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Formula 1

Steiner column: What I’m thinking about Haas’s driver choice

by Matt Beer
5 min read

Hello readers. Today, I’m going to talk about the driver market. At the moment we are in quite a good position. There are so many options you can pick from this year: you have very experienced good drivers, you have medium-experienced drivers, you have young drivers, there’s a full menu out there.

What we want to make sure is that we are doing the right thing for the team. Short-term thinking would be to get in the best drivers possible for next year and then look after 2022 when we get there.

If we put in somebody next year just for a year then we are just wasting our time

But we have to rebuild the team a little bit after this difficult year, so what is the best to do for the team? Build it up and be ready for ’22, and use ’21 as a transition year.

We are still having talks with people; we are not just sitting here and thinking. I think the decision will come in the next few weeks hopefully, because we need to tell people. I don’t like to keep people on standby.

Some of the drivers have been in Formula 1 already a long time. Will they be the best drivers in a few years? Maybe not. Maybe there’s young talent we need to develop for then.

That’s where there is a fine line. We all have a sell-by date performance-wise, especially an athlete, and we need to be careful that we don’t invest in something that when we really need it, they’ve surpassed their peak.

For me what’s important is that we have drivers who will be here in 2022. If we put in somebody next year just for a year then we are just wasting our time. There are a lot of drivers who are used to the current spec of car, but if we have a new car and a new driver, it could get difficult, so I would like to have for ‘22 the drivers we have in ‘21.

Logan Sargeant

Of course we always get asked about American drivers and Logan Sargeant did very well this year in F3, so obviously we keep an eye on these things.

I think he has another step to go, which is F2, before we can talk about it. We are not directly in touch, but I know the people around him.

He’s doing very well, he won a lot of races this year and I think he’s a talent.

If he can go to F2 and within two years prove himself, I think that’s the next step he needs to do, but at the moment it’s too early to talk about hiring an American driver.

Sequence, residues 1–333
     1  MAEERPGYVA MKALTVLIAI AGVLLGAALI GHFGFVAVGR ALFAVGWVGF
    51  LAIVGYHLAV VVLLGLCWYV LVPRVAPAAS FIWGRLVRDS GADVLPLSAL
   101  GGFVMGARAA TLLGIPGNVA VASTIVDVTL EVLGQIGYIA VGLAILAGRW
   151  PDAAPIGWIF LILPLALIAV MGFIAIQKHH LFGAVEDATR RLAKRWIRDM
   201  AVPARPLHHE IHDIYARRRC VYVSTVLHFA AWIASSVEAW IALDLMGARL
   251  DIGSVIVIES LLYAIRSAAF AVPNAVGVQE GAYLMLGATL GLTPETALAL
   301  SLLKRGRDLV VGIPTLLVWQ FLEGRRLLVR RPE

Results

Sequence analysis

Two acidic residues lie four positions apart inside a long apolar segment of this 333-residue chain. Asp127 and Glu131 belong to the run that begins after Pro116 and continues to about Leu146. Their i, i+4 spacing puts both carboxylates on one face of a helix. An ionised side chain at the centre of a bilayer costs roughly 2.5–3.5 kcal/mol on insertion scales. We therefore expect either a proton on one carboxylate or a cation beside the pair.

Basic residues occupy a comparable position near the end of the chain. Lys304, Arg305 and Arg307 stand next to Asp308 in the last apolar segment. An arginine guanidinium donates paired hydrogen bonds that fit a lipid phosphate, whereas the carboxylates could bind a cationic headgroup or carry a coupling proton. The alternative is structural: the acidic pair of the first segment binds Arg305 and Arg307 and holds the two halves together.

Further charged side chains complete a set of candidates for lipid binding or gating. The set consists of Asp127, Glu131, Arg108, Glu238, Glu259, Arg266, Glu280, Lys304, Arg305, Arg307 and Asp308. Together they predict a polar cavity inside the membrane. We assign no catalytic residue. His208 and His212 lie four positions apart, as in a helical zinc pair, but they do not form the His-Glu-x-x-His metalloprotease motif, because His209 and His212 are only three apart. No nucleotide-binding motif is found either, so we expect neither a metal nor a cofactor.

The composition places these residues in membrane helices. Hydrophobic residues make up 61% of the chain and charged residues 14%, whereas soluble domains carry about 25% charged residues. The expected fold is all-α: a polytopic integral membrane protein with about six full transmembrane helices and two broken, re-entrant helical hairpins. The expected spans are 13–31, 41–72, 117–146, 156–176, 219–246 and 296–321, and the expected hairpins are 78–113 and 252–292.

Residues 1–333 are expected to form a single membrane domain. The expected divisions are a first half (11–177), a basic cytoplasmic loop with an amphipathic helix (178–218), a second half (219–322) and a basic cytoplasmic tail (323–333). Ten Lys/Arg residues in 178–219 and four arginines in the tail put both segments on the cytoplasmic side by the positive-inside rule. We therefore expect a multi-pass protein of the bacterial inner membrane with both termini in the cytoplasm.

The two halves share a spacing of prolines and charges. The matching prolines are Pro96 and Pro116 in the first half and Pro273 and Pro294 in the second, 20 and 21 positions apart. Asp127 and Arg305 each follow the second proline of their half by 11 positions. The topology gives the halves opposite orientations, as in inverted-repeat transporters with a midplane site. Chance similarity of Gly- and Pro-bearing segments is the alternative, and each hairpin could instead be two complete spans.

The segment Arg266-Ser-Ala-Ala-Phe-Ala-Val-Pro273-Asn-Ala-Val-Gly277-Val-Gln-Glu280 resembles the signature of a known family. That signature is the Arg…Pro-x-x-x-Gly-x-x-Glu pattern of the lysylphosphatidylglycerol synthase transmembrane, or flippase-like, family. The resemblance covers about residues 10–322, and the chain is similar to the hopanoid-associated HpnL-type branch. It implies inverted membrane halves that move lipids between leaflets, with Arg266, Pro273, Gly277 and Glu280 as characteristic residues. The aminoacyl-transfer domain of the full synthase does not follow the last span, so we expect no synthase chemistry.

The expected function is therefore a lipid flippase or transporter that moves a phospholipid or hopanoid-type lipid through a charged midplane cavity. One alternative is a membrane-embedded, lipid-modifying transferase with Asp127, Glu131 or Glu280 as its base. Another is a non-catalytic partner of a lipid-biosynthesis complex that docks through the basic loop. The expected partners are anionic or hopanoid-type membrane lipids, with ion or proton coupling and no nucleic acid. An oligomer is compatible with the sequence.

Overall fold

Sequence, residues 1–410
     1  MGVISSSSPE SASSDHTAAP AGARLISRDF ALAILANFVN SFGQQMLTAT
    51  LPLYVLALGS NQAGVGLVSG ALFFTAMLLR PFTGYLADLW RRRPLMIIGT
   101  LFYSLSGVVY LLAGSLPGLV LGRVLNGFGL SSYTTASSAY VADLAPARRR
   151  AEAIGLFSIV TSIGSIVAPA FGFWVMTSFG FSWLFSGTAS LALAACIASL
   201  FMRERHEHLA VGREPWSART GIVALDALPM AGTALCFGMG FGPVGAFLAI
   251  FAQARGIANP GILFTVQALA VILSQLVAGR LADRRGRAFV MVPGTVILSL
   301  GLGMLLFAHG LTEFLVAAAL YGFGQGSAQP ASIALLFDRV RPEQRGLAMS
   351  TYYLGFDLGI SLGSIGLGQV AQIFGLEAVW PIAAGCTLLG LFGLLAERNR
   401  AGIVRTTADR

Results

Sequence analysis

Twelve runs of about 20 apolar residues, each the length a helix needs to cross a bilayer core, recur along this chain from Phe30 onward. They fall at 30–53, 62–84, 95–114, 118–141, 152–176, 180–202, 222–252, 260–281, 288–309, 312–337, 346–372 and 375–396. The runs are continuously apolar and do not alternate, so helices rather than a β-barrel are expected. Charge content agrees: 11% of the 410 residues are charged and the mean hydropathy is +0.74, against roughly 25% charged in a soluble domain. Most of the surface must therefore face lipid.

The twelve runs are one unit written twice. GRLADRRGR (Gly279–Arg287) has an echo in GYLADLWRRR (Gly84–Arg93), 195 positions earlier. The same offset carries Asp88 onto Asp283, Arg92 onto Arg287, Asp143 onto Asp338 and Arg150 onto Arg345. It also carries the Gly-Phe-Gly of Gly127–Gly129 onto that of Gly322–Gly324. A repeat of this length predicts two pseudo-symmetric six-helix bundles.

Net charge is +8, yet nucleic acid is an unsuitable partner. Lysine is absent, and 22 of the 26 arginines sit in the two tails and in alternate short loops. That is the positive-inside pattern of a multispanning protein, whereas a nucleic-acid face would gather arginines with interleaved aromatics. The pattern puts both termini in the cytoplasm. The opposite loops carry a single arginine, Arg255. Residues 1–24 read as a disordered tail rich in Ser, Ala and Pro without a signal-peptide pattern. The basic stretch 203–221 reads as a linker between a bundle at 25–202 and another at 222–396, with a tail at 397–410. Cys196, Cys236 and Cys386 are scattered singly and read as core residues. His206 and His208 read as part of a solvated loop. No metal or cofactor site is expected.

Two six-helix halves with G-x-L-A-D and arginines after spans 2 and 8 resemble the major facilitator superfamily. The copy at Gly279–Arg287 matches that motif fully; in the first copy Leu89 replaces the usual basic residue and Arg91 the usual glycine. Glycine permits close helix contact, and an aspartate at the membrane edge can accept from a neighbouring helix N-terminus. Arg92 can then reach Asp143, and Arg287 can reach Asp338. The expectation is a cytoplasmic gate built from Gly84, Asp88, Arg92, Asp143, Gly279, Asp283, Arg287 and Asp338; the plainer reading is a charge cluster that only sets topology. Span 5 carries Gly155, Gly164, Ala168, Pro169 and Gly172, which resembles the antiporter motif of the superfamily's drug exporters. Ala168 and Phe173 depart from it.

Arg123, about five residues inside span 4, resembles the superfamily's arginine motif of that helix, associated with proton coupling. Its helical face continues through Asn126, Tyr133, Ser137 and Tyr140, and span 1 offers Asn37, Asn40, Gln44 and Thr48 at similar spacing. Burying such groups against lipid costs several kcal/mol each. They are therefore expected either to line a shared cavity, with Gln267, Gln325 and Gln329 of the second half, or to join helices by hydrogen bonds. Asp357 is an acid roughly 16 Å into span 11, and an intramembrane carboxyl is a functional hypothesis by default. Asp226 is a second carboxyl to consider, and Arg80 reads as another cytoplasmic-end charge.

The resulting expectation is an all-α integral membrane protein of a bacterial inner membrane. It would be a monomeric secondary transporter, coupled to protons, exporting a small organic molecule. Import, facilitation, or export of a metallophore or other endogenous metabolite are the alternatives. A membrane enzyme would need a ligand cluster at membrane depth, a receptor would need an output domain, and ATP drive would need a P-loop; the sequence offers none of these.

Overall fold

Kevin Magnussen Haas Russian Grand Prix 2020 Sochi

Turning the focus back to this year, I am very positively surprised how we have kept our heads high. I think the team knows, because we came from nothing – we had no credit at the beginning (and there are still some people there from the beginning) – that we will get back again.

As simple as it sounds, they know we are not there to be where we are, but at the moment we have one hand behind our backs and we are just trying to make the best out of it.

We always try to do the best, and there is a big belief. We are not here just to take part. We will be back: how long will it take? It could take another year, but I am sure in 2022 we should be where we want to be.

I have no idea about the 2021 calendar, I think Australia in March is a long-shot

In the meantime, it’s important that we are ready to take the opportunities when they come, but also it’s important we don’t let those opportunities go to somebody else.

If we go out there and just go around, that doesn’t work. We always need to do our best and the harder you work, the luckier you get…

The tracks where we haven’t been for a long time or places where we have never been give more opportunities than the tracks we go to regularly. At Nurburgring, it looks like it will be 12C on a warm day and it’s raining, so you never know what comes out of there.

Guenther Steiner

Another factor that you can see now is that people are starting to get tired. At the beginning, the first triple headers were OK because there was a lot of energy because everyone had had a lot of time off and they were just happy to get back, but now it’s pretty tiring. I feel it myself. Physically you sometimes need some time off, but also mentally, they are very demanding these races.

Finally, I want to say some words about Stefano Domenicali. Stefano is a friend and Haas wouldn’t exist without him, he was the first one to believe in the plan.

His coming in as CEO is great, not only for us, but for F1 in general. Chase [Carey] did a fantastic job over the past five years to take it forward, and to get all 10 teams to sign the new commercial agreement is a big achievement.

Job number one for Stefano is to make sure that after the pandemic we have a good calendar with good incomes, so the teams can work at a good level. The pandemic is not over anytime soon, we are not resetting the clock at New Year.

I have no idea about the 2021 calendar, I think Australia in March is a long-shot. I don’t know, but I don’t think there will be a calendar soon – so Stefano has to manage this and make sure we have as many events as possible and also financially get as much income as possible from the events and that’s a big challenge at the moment.

From there, strategically, how can he make all 10 teams competitive? A level playing field is what we are working towards and with the budget cap the groundwork is laid, we just need to make sure we go in the right direction.

I think the combination of Stefano and Chase will take it to the next level. I think it’s a good acquisition for Formula 1.

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